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September 10, 2014

Summer Reading: The Mortal Instruments and American Ghoul

by Alison DeLuca

The Mortal Instruments
I know I’m late to the party, but I spent the summer reading City of Bones, City of Ashes, and City of Glass. Days spent poolside waiting for the kids to finish their waterslides can get tedious really quickly without an interesting series, and I thought I would give Cassandra Clare’s books a try to get me through July and August.

Remember this was after the movie, universally panned by critics and viewers, had come and gone in the theaters. Everyone assumed the series, like the His Dark Materials films, would die a natural death. I saw the reviews on the books sank to 2 and 3 stars after the movies, proving one media experience bleeds to the next.

However, when I began to read I was interested in the characters right away. I’m a big adventure genre gal, and these books are crammed with chase scenes, imprisonment, attacks by demons and vampires, and death-defying stunts. Plus, apparently the movie franchise has resurrected itself, and The City of Ashes is coming our way in a few years.

All of the adventure and action would be rather dull if the characters were boring. I liked Clary right away, and I adored her friendship with Simon. She’s redheaded, artistic, and deceptively quiet. The banter between the two is fantastic:

“Is this Clarissa Fray?" The voice on the other end of the phone sounded familiar, though not immediately identifiable.
Clary twirled the phone cord nervously around her finger. "Yeees?"
"Hi, I'm one of the knife-carrying hooligans you met last night in Pandemonium? I’m afraid I made a bad impression and was hoping you'd give me a chance to make it up to-"
"SIMON!" Clary held the phone away from her ear as he cracked up laughing. "That is so not funny!"
"Sure it is. You just don't see the humor."
"Jerk." Clary sighed, leaning up against the wall. 

I liked Jace as well, although he’s a tailored anti-hero to make readers’ hearts flutter with his good looks and tattoos. But the character was original enough to capture my interest and keep it throughout the first three books of the series, even though he is a walking gumball machine of arrogant sarcasm:

“Have you fallen in love with the wrong person yet?'
Jace said, "Unfortunately, Lady of the Haven, my one true love remains myself."
..."At least," she said, "you don't have to worry about rejection, Jace Wayland."
"Not necessarily. I turn myself down occasionally, just to keep it interesting.” 

And of course Clare serves up angst and tension, enough to keep me reading all summer by the pool as I waited for the kids to reappear. I did say I read the first three books. Apparently there are three more, although I’m not sure I want to continue. For one thing, the third book wrapped it all up rather nicely, and I don’t want to buy into publishers’ beating a dead horse. Besides, the author has also published The Infernal Devices, a prequel steampunk series I want to dig into. More on them in the coming months.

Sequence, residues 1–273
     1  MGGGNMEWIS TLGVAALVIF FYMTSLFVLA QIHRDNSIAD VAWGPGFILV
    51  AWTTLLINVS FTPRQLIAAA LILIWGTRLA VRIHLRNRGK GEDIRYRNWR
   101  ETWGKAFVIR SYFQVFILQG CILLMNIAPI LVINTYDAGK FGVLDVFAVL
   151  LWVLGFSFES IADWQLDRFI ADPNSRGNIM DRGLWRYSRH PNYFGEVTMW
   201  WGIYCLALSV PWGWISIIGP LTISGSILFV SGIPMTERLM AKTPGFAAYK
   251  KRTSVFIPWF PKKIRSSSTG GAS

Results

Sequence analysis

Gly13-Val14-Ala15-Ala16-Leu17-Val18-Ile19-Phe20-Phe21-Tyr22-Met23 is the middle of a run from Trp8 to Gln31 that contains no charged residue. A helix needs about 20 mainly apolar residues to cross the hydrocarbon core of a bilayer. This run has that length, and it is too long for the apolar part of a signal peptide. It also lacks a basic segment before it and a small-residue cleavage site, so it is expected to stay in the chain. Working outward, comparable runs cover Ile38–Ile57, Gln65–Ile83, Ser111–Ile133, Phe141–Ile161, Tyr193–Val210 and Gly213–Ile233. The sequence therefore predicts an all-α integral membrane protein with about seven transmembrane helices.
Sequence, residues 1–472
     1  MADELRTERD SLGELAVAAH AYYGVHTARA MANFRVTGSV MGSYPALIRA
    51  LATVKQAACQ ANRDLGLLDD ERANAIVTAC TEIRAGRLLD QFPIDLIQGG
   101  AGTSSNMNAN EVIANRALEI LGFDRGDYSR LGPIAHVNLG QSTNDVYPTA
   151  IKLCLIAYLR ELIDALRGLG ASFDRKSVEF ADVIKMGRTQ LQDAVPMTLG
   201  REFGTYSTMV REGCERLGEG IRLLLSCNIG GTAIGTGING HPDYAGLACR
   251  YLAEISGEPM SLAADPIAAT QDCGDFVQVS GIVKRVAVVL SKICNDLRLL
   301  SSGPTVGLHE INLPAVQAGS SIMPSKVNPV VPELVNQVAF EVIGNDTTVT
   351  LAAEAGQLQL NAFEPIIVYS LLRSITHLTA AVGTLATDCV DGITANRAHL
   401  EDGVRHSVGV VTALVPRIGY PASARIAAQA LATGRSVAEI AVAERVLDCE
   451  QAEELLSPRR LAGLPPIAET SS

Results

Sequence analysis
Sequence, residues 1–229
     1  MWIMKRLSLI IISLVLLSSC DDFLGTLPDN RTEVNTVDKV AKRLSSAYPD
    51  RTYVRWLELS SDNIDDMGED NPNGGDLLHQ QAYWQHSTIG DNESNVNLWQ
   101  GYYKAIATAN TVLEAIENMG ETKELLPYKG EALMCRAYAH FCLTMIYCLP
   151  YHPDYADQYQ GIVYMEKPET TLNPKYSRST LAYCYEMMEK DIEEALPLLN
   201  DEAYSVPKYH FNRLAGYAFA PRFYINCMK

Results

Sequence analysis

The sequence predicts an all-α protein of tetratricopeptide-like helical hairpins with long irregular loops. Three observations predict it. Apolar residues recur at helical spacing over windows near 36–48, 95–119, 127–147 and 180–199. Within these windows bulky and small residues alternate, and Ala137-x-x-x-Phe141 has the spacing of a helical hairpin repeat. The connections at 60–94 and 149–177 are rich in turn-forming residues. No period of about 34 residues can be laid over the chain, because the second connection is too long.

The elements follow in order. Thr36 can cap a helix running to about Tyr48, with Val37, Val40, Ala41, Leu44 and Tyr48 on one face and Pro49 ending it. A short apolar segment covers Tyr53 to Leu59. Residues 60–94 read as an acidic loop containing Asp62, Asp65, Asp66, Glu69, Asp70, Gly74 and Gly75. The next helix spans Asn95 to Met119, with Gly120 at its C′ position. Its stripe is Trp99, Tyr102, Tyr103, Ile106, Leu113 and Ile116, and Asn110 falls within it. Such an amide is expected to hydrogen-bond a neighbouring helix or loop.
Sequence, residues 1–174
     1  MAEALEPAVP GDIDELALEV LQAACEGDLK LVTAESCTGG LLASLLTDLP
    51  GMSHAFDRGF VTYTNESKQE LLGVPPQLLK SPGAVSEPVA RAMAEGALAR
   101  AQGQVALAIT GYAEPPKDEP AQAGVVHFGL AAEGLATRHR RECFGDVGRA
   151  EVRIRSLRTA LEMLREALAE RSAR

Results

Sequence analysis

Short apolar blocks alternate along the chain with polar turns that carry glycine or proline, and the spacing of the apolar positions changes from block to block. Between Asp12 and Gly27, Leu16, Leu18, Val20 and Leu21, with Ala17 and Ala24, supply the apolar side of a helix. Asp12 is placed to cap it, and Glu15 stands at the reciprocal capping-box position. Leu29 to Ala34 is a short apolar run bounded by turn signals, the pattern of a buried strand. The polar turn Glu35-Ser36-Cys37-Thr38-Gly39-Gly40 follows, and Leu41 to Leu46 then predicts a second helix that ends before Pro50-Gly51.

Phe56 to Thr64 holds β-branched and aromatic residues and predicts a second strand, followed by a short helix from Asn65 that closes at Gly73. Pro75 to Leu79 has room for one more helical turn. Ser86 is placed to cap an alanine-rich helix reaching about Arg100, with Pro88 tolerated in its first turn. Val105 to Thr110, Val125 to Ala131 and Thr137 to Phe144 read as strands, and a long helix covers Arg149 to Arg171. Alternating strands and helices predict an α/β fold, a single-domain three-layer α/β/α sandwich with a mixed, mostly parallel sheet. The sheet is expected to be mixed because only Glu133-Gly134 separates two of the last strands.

I also mentioned there is a lot of adventure in the books. In fact there might be a little too much. Simon can’t go and get a cup of coffee without a demon or vamp attack, and at times I wanted to physically push Clary or Jace to their destinations without their being sidetracked by yet another rescue or ambush. All of this delays character development, and so the series is stagnant in that respect. However, I didn’t come to the Mortal Instruments for great lit but summer entertainment, and that’s what I got.

American Ghoul
If you would like a book that’s a bit more original but still offers paranormal adventure, try Walt Morton’s American Ghoul. It’s the story of Howard Pickman, the son of two ghouls who are burnt to death in their home. He escapes and flees to his grandmother’s house in New Jersey. By the way, Granny’s also a ghoul and, like Howard, she needs human flesh to survive.

Yes, this is horrific stuff, and Morton doesn’t shy away from the bloody details. He doesn’t revel in them either, and the digging up and consumption of dead bodies is told with practical, deadpan wit. I never expected to laugh over exhumation, but Morton made it funny.

The book is also a wonderful journey though another horrific landscape: that of negotiating senior high school. It’s set in the 70’s at the dawn of punk rock, and Morton offers wonderful details. I felt as though I were in the Pinebury high school with him, going to photography class and trying to find a lunchroom seat on the first day.

American Ghoul was just as addictive as Mortal Instruments, and Howard was a much more human protagonist. Even though he’s a ghoul, he’s far more relatable than arrogant, beautiful Jace.

As a final note, word on the street is Mortal Instruments started out as fan fiction. I’ve become fascinated with this genre, next month I’ll write a column about fan fics, the authors and motivation – both good and bad.

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  1. My wife really liked Mortal Instruments and read all six books. She really wants me to read them, but Jace's story with the kidnapping, who's the real parent, it sounds like too much to me. I did read Infernal Devices and really liked that.
    My wife would agree with your column.